Most of the StackOverflow posts about how implementing very custom Validation logic in AbstractValidators (that access the database, check properties, check access), is frowned upon.
So I’ve implemented a custom IBusinessRuleValidator pipeline using SimpleInjectors container.RegisterCollection(typeof(IBusinessRuleValidator<>)…).
This all works great when hitting play and calling services with the /swagger-ui. I have a custom, Internal only ValidationService:
public class ValidationService : Service
public void Validate<T>(T entity)
var validators = TryResolve<IEnumerable<BusinessRuleValidator<T>>>().ToList();
// These will be the basic things every validator needs
// And we don't want to have to inject these into every single validators constructor
foreach (var validator in validators)
validator.User = SessionAs<CustomAuthUserSession>();
validator.AuthRepository = AuthRepository;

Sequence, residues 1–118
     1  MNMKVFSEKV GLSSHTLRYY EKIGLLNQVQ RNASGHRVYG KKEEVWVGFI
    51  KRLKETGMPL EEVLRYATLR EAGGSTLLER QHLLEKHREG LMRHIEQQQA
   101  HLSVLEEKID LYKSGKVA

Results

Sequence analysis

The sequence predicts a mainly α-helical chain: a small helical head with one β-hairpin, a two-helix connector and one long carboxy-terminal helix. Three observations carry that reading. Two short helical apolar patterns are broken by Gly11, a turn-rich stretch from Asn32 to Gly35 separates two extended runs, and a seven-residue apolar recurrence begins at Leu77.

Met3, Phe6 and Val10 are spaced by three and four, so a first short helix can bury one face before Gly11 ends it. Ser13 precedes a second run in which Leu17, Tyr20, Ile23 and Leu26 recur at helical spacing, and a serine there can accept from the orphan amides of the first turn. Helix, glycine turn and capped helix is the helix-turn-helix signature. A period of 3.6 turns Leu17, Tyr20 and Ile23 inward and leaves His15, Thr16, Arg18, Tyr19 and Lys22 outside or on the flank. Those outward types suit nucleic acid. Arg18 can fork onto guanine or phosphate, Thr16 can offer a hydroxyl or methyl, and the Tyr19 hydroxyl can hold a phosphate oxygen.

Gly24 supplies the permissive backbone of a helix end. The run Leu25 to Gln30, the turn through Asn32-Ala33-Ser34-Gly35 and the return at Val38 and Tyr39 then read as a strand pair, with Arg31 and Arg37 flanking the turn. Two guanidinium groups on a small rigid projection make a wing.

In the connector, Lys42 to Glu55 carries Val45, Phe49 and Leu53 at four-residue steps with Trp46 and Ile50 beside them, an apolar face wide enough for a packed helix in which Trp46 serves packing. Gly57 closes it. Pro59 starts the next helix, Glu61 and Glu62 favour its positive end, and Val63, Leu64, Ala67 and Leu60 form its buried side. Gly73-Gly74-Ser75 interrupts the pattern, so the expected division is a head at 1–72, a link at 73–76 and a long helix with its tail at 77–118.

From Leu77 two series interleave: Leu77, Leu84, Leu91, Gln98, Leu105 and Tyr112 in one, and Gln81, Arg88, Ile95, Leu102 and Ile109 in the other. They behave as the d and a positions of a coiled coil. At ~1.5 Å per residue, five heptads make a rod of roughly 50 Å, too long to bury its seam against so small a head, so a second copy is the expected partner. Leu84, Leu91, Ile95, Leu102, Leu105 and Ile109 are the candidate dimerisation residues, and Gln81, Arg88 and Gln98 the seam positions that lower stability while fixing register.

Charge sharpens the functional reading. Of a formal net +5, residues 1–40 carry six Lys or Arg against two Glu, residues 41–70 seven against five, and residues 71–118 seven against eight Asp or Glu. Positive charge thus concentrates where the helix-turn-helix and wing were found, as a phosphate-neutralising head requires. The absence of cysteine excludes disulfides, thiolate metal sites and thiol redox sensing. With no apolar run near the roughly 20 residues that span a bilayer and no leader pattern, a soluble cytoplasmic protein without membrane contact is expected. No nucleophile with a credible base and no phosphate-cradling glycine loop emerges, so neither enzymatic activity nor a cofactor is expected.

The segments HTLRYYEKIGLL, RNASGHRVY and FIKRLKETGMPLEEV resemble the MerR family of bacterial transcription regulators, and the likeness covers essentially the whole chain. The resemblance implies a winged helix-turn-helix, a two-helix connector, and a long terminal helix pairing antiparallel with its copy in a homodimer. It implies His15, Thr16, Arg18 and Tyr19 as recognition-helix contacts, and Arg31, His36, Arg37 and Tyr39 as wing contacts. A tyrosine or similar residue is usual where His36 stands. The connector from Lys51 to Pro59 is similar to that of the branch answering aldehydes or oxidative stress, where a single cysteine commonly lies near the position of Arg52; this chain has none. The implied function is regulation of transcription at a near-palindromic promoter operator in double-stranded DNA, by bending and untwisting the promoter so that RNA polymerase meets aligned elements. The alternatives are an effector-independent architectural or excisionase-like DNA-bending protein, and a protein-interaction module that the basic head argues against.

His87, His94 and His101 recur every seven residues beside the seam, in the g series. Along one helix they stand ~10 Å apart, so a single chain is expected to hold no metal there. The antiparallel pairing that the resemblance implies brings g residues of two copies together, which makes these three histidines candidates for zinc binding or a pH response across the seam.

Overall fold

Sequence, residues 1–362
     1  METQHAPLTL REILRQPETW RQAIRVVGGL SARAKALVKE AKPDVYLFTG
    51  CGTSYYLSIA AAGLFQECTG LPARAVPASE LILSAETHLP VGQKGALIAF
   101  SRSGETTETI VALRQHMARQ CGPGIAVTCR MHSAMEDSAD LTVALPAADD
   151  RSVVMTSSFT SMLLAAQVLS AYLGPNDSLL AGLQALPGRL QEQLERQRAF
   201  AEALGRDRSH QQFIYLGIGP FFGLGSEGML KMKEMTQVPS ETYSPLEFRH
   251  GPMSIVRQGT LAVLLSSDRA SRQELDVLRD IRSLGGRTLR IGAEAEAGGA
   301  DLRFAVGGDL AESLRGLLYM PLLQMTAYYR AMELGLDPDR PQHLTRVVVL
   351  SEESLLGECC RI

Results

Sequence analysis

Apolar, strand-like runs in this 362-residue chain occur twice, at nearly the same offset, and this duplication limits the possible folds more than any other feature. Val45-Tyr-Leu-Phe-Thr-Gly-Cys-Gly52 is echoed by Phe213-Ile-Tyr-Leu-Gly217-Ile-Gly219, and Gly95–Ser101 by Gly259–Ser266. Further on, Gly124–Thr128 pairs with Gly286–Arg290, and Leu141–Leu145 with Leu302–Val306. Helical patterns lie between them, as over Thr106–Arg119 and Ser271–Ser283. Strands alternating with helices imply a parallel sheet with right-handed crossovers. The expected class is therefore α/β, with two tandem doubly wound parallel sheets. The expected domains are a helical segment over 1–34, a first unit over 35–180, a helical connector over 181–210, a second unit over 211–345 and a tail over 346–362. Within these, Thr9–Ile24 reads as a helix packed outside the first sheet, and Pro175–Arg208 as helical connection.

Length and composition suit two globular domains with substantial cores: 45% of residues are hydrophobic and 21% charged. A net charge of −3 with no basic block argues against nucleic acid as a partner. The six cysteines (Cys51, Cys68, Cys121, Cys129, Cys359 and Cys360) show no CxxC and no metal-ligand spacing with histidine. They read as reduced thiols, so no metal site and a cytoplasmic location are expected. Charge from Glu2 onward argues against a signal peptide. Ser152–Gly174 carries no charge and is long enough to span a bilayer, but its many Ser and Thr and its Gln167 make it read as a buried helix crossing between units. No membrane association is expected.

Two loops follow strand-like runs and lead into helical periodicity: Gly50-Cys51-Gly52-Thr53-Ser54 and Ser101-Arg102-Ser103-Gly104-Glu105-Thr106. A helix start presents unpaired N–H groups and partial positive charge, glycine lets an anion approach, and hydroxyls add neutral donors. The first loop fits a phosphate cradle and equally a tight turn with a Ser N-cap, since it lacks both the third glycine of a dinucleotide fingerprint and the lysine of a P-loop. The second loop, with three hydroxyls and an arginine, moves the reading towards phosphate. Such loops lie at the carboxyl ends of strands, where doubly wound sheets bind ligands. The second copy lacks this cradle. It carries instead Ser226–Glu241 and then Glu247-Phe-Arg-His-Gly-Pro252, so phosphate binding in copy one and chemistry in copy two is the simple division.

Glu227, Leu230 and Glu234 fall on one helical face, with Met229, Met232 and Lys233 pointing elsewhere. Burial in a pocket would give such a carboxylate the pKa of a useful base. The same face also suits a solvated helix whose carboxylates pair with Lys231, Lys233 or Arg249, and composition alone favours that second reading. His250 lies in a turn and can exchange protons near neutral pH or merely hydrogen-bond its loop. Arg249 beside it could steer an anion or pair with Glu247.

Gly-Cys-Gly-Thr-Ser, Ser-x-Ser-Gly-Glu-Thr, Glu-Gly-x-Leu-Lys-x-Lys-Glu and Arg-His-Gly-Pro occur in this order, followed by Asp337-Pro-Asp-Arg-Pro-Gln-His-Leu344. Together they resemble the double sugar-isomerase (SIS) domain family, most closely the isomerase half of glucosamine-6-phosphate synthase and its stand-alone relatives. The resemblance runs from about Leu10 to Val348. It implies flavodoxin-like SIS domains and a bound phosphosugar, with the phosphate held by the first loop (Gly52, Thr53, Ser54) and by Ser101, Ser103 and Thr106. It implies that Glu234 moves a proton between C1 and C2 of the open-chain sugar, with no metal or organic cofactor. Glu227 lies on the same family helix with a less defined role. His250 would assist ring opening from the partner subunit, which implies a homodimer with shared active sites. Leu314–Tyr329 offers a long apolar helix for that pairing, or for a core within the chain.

validator.DbFactory = ResolveService<IDbConnectionFactory>();
var errors = validators.SelectMany(x => x.Validate(entity)).ToList();
throw new BusinessRuleException(errors);
But my first test fails at the validator.User = SessionAs(); line of code with the following error:
Message: System.NotImplementedException : This AppHost does not support accessing the current Request via a Singleton
The Session requires the IRequest context and only host which supports getting access to the current IRequest without passing it in is ASP.NET Framework Apps via the HttpContext.Current. Singleton. I’m not sure where the cause of this exact exception is, because the SessionAs<T> in a Service does have access to the IRequest context so you must somehow me trying to access it outside the context of a Request.
Otherwise the APIs that require an IRequest have an overload to pass it in, which is needed in all Hosts where the current Request is not available via a singleton. As validators inherit AbstractValidator<T> they’re also injected with Request property. I’m assuming your custom implementation tries to make use of a dependency that requires the IRequest which is only available at runtime.
Not sure why the title of this question is titled AppHostBase vs AppSelfHostBase but AppSelfHostBase should only be used for self-host HttpListener Apps or for Unit tests where you want to create cross-platform integration tests. Otherwise for classic ASP.NET Apps or .NET Core Apps use AppHostBase.